An Interpretation of the Library Bill of Rights
Educating the American public, including library staff, on the value of intellectual freedom is fundamental to the mission of libraries of all types. Intellectual freedom is a universal human right that involves both physical and intellectual access to information and ideas. Libraries provide physical access through facilities, resources, and services and foster awareness of intellectual freedom rights within the context of educational programs and instruction in essential information skills.
The universal freedom to express information and ideas is stated in the Universal Declaration of Human Rights, Article 19:
Everyone has the right to freedom of opinion and expression; this right includes freedom to hold opinions without interference and to seek, receive, and impart information and ideas through any media and regardless of frontiers.
The importance of education to the development of intellectual freedom is expressed in the Universal Declaration of Human Rights, Article 26:
- Everyone has the right to education. Education shall be free, at least in the elementary and fundamental stages. . . .
- Education shall be directed to the full development of the human personality and to the strengthening of respect for human rights and fundamental freedoms. It shall promote understanding, tolerance and friendship among all nations, racial, or religious groups, and shall further the activities of the United Nations for the maintenance of peace.
In addition, Article I of the American Library Association’s Library Bill of Rights “affirms that all libraries are forums for information and ideas.” Physical access to information is listed as the first principle:
Books and other library resources should be provided for the interest, information, and enlightenment of all people of the community the library serves. Materials should not be excluded because of the origin, background, or views of those contributing to their creation.
Article II of the Library Bill of Rights emphasizes the importance of fostering intellectual access to information by providing materials that allow users to evaluate content and context and find information representing multiple points of view:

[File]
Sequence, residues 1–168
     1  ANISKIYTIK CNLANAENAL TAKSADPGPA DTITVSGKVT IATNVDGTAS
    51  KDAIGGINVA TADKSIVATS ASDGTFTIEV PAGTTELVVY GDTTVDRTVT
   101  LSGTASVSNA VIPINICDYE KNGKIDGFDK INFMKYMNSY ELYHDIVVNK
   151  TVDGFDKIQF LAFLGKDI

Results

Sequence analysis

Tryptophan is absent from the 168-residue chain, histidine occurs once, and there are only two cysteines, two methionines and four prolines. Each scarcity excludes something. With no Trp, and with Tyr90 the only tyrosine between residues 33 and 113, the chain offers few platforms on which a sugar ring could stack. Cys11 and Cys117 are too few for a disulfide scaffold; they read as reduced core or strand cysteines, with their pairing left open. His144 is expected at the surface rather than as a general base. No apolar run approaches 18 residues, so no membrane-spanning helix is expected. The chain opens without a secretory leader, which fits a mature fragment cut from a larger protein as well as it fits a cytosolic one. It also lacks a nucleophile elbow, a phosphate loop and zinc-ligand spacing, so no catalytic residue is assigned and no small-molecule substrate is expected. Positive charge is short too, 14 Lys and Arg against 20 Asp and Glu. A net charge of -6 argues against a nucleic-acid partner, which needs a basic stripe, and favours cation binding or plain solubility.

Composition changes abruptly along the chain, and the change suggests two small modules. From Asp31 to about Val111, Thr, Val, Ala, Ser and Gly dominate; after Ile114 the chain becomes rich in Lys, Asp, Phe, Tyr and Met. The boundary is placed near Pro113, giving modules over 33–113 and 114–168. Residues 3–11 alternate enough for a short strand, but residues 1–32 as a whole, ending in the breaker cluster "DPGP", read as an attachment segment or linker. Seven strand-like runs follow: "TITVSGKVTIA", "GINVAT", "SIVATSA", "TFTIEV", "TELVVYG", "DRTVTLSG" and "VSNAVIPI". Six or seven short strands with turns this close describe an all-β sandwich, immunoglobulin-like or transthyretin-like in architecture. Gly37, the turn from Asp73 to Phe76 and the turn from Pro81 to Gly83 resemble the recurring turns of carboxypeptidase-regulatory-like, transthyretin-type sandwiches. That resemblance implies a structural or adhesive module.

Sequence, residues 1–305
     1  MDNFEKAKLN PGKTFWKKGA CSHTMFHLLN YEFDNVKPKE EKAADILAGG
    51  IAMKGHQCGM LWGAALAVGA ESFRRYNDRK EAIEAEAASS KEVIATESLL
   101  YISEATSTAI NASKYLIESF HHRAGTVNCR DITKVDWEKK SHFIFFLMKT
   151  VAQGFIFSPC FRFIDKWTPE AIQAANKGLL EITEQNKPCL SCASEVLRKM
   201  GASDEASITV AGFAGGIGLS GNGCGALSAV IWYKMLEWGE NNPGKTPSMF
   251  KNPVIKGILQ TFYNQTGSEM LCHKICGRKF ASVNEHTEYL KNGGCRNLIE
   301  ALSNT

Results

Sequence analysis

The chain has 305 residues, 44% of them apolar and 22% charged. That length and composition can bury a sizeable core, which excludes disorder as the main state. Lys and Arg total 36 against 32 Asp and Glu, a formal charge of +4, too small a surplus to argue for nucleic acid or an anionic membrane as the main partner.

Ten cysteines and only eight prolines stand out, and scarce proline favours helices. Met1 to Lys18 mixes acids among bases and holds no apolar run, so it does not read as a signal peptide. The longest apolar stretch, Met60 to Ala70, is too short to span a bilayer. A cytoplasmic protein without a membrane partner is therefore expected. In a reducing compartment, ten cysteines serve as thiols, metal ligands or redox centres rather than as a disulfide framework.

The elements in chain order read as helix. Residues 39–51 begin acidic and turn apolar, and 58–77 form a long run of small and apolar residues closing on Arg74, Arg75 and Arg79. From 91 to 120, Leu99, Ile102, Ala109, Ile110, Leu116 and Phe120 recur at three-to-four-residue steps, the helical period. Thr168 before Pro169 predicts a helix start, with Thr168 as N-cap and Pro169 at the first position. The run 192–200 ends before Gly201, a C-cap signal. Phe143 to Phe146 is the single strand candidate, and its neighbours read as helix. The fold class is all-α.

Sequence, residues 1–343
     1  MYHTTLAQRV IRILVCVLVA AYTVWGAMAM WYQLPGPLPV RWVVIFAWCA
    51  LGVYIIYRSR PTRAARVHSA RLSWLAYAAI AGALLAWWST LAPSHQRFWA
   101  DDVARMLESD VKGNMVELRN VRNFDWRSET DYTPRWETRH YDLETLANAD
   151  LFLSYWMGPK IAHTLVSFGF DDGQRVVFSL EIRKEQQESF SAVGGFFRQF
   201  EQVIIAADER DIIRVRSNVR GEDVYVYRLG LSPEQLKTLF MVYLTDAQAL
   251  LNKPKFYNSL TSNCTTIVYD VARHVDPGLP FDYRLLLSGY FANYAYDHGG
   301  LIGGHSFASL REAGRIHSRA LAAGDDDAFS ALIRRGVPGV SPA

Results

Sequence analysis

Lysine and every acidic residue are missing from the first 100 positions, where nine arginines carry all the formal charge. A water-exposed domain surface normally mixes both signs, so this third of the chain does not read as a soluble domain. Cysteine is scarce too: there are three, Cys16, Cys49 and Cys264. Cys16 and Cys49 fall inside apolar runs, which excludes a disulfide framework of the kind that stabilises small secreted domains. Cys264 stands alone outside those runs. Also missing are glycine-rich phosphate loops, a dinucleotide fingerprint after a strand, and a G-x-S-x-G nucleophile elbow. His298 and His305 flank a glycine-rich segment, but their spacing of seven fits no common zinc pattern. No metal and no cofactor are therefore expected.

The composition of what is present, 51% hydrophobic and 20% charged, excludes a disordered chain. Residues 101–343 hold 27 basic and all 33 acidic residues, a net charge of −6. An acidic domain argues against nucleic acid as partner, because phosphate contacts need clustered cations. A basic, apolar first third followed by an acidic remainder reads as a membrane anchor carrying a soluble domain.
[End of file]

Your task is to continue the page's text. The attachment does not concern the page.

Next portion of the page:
Libraries should provide materials and information presenting all points of view on current and historical issues. Materials should not be proscribed or removed because of partisan or doctrinal disapproval.
Libraries of all types foster education by promoting the free expression and interchange of ideas, leading to empowered lifelong learners. Libraries use resources, programming, and services to strengthen intellectual and physical access to information and thus build a foundation of intellectual freedom: developing collections (both real and virtual) with multiple perspectives and individual needs of users in mind; providing programming and instructional services framed around equitable access to information and ideas; and teaching information skills and intellectual freedom rights integrated appropriately throughout the spectrum of library programming.
Through educational programming and instruction in information skills, libraries empower individuals to explore ideas, access and evaluate information, draw meaning from information presented in a variety of formats, develop valid conclusions, and express new ideas. Such education facilitates intellectual access to information and offers a path to a robust appreciation of intellectual freedom rights.
Adopted July 15, 2009, by the ALA Council; amended July 1, 2014.